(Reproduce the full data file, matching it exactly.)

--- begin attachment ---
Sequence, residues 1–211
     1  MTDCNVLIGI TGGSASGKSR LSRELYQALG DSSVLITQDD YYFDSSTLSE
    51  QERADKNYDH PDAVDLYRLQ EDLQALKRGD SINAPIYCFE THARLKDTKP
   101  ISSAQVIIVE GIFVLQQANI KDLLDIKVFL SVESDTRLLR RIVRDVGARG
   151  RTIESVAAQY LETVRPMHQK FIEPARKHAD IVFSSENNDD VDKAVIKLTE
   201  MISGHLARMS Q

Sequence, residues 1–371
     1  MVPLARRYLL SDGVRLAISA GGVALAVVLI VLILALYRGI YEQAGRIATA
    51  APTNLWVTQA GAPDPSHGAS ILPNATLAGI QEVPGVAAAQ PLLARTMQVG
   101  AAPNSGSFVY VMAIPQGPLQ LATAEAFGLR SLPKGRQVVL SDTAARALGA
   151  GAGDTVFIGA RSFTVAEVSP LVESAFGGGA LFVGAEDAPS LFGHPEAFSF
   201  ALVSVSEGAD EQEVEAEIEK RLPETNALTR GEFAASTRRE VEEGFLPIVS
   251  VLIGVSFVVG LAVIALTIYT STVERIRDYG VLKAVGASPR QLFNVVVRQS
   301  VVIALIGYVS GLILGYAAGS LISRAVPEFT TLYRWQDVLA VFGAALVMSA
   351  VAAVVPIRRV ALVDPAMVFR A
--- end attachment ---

Sequence, residues 1–211
     1  MTDCNVLIGI TGGSASGKSR LSRELYQALG DSSVLITQDD YYFDSSTLSE
    51  QERADKNYDH PDAVDLYRLQ EDLQALKRGD SINAPIYCFE THARLKDTKP
   101  ISSAQVIIVE GIFVLQQANI KDLLDIKVFL SVESDTRLLR RIVRDVGARG
   151  RTIESVAAQY LETVRPMHQK FIEPARKHAD IVFSSENNDD VDKAVIKLTE
   201  MISGHLARMS Q

Sequence, residues 1–371
     1  MVPLARRYLL SDGVRLAISA GGVALAVVLI VLILALYRGI YEQAGRIATA
    51  APTNLWVTQA GAPDPSHGAS ILPNATLAGI QEVPGVAAAQ PLLARTMQVG
   101  AAPNSGSFVY VMAIPQGPLQ LATAEAFGLR SLPKGRQVVL SDTAARALGA
   151  GAGDTVFIGA RSFTVAEVSP LVESAFGGGA LFVGAEDAPS LFGHPEAFSF
   201  ALVSVSEGAD EQEVEAEIEK RLPETNALTR GEFAASTRRE VEEGFLPIVS
   251  VLIGVSFVVG LAVIALTIYT STVERIRDYG VLKAVGASPR QLFNVVVRQS
   301  VVIALIGYVS GLILGYAAGS LISRAVPEFT TLYRWQDVLA VFGAALVMSA
   351  VAAVVPIRRV ALVDPAMVFR A